Esther 1:1-9

One of our doctoral candidates, John Screnock, and I are finishing our grammatical commentary on the book of Esther for the Baylor Handbook on the Hebrew Bible series. As we do final revisions before submitting, I thought it would be useful to post much of the commentary here, in sections of 5-10 verses, in order for potential readers to ask questions, seek clarification, or point out confusing comments or typos. We thus hope to make the product cleaner and more usable. (We posted a shortened version of a section of our introduction, dealing with the historical linguistic profile of Esther, here.)

So, without further ado, below is the commentary for Esther 1:1-9, with subsequent sections to be posted one per day for the next three weeks. Consider yourself solicited for feedback!

*Note that the cross-references to our Introduction are not filled in.


Episode 1—The King’s Banquet (1:1-9)
1So it was, in the days of Ahashverosh—he was the Ahashverosh who ruled, from India to Cush, 127 provinces—2in those days, as King Ahashverosh sat on the throne of his kingdom, which was in Susa, the citadel, 3in the third year of his reigning, he prepared a banquet for all his nobles and his servants. The army of Persia and Media, the nobles, and the nobles of the provinces were before him, 4when he showed [them] the riches of the glory of his kingdom and the worth of the beauty of his greatness, (for) many days, 180 days. 5When these days were completed, the king prepared a banquet for all the people who were found in Susa, the citadel, for both great and small, over seven days, in the courtyard of the king’s pavilion garden. 6White linen and violet (linen) were fastened with ropes of fine linen and purple upon rings of silver and columns of alabaster. Beds of gold and silver were upon floorings of porphyry and alabaster, pearl, and precious stone. 7Drink-serving was in vessels of gold vessels, that is, vessels differing from each other. And wine of the kingdom was abundant, according to the hand of the king. 8The drinking was according to the regulation “No Constraint!”, because thus the king established upon every chief of his house: to act according to the desire of each man. 9Moreover Vashti, the queen, prepared a banquet for women, in the house of the kingdom, which belonged to King Ahashverosh.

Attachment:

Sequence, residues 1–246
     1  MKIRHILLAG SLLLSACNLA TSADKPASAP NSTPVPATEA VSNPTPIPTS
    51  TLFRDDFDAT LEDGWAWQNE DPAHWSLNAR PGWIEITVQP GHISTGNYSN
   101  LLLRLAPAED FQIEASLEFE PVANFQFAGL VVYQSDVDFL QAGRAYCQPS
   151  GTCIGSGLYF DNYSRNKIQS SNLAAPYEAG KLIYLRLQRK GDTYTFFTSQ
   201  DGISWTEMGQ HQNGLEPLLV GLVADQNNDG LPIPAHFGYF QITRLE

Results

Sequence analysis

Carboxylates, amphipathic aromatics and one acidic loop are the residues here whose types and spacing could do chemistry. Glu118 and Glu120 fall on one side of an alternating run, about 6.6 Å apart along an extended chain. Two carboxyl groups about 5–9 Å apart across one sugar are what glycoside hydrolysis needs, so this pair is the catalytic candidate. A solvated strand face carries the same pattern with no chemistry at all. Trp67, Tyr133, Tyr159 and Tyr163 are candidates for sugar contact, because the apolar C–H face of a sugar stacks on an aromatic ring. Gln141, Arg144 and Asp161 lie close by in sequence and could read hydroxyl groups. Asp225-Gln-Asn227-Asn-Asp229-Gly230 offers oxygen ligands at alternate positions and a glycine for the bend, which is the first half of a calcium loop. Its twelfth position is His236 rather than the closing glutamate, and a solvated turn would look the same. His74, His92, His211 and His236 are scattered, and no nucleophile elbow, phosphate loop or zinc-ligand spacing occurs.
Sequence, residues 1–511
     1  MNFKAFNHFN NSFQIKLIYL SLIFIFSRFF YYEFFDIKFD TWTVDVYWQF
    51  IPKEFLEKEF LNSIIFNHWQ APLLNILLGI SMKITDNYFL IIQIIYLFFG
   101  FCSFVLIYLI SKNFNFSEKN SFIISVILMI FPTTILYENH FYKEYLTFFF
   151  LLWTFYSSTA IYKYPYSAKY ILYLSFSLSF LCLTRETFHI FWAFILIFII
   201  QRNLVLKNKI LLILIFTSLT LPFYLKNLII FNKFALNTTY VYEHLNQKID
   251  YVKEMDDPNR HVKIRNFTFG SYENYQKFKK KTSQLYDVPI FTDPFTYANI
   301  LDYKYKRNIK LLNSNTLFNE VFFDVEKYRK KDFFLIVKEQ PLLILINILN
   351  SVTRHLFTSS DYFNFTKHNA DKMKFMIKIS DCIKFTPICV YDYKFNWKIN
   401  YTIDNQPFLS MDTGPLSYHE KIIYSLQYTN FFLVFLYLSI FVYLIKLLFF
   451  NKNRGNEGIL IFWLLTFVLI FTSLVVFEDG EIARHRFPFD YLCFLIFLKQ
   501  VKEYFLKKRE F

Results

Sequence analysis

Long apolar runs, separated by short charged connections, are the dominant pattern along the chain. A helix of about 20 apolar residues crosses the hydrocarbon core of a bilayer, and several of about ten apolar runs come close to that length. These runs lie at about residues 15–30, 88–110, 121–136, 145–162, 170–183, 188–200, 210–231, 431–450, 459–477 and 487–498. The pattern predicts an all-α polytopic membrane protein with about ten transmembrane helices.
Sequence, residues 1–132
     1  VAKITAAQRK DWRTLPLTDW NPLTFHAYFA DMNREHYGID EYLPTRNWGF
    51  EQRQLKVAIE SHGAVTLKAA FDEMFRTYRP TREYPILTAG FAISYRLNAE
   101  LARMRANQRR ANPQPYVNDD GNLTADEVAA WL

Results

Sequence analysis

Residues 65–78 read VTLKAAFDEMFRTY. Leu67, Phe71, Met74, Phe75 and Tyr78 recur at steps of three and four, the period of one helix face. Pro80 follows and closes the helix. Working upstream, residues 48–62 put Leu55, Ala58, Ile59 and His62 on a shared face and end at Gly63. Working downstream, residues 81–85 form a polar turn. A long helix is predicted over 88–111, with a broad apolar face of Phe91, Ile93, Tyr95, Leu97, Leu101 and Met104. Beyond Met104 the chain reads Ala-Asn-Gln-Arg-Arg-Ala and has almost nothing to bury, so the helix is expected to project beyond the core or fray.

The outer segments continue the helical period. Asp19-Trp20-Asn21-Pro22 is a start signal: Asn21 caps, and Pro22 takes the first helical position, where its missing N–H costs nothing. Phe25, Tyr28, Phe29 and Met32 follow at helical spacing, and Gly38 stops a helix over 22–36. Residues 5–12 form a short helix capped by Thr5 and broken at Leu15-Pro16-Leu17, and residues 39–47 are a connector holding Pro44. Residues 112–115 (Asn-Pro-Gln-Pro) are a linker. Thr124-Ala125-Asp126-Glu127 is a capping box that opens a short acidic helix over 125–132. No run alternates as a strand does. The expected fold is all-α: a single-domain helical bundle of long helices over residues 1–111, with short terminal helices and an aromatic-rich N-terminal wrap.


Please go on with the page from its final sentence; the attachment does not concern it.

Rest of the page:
1:1 וַיְהִ֖י בִּימֵ֣י אֲחַשְׁוֵר֑וֹשׁ ה֣וּא אֲחַשְׁוֵר֗וֹשׁ הַמֹּלֵךְ֙  מֵהֹ֣דּוּ וְעַד־כּ֔וּשׁ שֶׁ֛בַע וְעֶשְׂרִ֥ים וּמֵאָ֖ה מְדִינָֽה׃

Vv. 1-2 establish the basic setting of the book of Esther, telling use when and where the story takes place: during the reign of Ahashverosh, in one of the royal cities of his kingdom, Susa.

וַיְהִ֖י. Wayyiqtol 3ms Qal √היה. The 3ms ויהי and והיה exhibit two functions in Biblical Hebrew: in certain cases they fill the expected clause-level role of a copular verb, linking a Subject and a copular Complement (in traditional terms, the predicate nominative) by both indicating an equative/identifying or predicative/classifying relationship and providing a landing site for Tense-Aspect-Mood (TAM) marking (Cook 2012a:309). However, in many cases in BH narrative, ויהי and והיה function as a “discourse-level TAM signal, often at the opening or closing of a scene or episode” (310). The ויהי here is just such a discourse marker, opening the book by establishing this story to be, at the outset, about something in the past. See also 2:8; 3:4; 5:1, 2. Note the absence of dagesh in the י of wayyiqtol וַיְהִי. The omission of the dagesh often affects the consonants ו, י, ל, מ, נ, ק, and the sibilants when they occur with a shewa (see JM §18m; GKC §20m).